Forget Cutting Back – Use a Working Capital Loan to Grow Your Business

Your struggle over whether or not to take out a working capital loan is one that business owners across the nation are going through every day. Economic uncertainty and long term recession have created an environment of fear in the business world, not just in the United States, but around the globe. The unemployment numbers seem to indicate that there hasn’t been any real improvement in the situation since things started to unravel back in 2008. For this reason, and many others, small business owners have chosen in many cases to trim the fat, cut out excessive waste, and eliminate whatever is classified as a “non-essential” service or position Merchant cash advance.

These decisions to cut instead of grow could classify as sound business reasoning, if made by an individual or small minority of businesses. As a belief system for the majority, it’s actually compounding the problem. Without growth and financial investment, we’ll continue to stagnate. Forget cutting back. The economy has stabilized, the housing market has readjusted, and many of those out-of-work Americans need to be trained in new fields because the jobs they lost are in industries that may not exist in a few years. Like we did at the end of the industrial revolution and when global trade barriers were lifted by the development of the worldwide web, we have reached a place in human history where things must change.

Why Would You Take Jobs Away When You Can Add Them?

There are different types of working capital loans, but they are all designed to help you achieve one goal – growth. Why would you cut back and eliminate jobs when you can grow your company and add some, contributing to the solution and not the problem? The lending market is tough right now, but there are funds available to you if you can come up with a solid business plan. Obviously, if you don’t know how you’re going to use the money to achieve some level of growth, you won’t want to take out a loan. Sit down with your company officers and ask professional financial advisors for some assistance. There is a way to expand and grow and the timing is right. Many multi-billion dollar corporations have risen from the ashes of situations similar to what we’re going through right now. It just takes some creative thinking, a business owner not afraid to take a chance, and a bank willing to give you the loan.

Approach the SBA First When Searching for a Working Capital Loan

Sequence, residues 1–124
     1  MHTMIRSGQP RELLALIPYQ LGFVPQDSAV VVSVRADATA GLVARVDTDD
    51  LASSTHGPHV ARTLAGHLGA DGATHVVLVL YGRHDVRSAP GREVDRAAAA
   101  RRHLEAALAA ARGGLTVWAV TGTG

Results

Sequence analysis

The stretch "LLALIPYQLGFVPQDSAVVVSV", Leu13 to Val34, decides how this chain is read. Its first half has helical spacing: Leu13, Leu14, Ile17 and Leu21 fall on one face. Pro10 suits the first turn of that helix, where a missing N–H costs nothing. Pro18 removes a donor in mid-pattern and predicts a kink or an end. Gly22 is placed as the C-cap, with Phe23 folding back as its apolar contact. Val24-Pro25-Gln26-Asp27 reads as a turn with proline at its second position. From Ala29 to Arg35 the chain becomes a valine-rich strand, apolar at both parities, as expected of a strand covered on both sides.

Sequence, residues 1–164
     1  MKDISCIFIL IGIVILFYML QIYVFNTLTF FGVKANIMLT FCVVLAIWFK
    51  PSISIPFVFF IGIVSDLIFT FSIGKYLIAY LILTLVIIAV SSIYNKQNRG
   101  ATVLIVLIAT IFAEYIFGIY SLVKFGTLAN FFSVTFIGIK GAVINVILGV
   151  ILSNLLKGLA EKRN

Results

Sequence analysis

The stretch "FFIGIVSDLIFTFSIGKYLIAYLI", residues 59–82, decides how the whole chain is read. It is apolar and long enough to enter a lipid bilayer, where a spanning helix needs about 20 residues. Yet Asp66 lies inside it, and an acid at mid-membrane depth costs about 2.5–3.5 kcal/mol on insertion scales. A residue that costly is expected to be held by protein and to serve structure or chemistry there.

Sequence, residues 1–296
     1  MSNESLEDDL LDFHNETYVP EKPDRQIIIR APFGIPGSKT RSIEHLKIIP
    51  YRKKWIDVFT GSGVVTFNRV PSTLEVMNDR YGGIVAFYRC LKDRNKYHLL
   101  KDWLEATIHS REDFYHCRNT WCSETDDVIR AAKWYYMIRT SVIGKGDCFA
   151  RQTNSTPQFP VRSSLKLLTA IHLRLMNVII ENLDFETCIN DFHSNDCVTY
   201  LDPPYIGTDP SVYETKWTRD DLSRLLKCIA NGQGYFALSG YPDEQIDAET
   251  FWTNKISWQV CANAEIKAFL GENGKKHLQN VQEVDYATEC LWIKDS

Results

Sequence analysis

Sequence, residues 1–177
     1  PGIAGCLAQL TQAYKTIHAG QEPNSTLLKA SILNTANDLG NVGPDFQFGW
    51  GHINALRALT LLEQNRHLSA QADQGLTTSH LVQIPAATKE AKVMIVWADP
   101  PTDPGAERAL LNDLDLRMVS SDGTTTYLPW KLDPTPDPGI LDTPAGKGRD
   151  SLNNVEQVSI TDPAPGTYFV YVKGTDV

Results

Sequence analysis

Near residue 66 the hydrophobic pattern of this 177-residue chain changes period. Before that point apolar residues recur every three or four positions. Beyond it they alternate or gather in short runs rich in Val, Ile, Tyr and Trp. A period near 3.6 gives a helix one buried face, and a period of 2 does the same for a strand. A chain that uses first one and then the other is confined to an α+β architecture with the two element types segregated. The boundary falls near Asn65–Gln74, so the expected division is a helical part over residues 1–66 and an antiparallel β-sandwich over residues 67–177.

The SBA, or Small Business Administration, is a federal agency that can guarantee a small business working capital loan. They don’t actually lend you the money like they did in years past. Instead, they will point you to a lender in your area that is willing to offer the SBA loan once the SBA has done their due diligence on your business. With their guarantee you’re more likely to get approved for a loan and the interest rates might be a little more reasonable than with a standard loan. The SBA also offers specialty loans for women and minority-owned businesses, along with some free financial assistance for those who need a little help making business financial decisions.

Asset Based Working Capital Loans are Like Asking Yourself for Money

SBA loans are most often given to new businesses. For established businesses that have weathered the recession storm and have assets such as real estate or equipment, you may qualify for an asset based working capital loan. You’ll be putting up your assets as collateral for the loan so you’ll want to be particularly careful when preparing your business plan. Evaluate every possibility and set specific milestones. Above all, make sure that you’re not putting yourself at risk of losing what you’ve already accumulated. The way to do this is not to borrow less and cut corners on spending; it’s to borrow a little more than enough and make sure you’re prepared for unexpected set-backs. Lenders know what it takes to finance an expansion, so don’t be afraid to ask for too much. You’re more likely to get turned down if you ask for too little.

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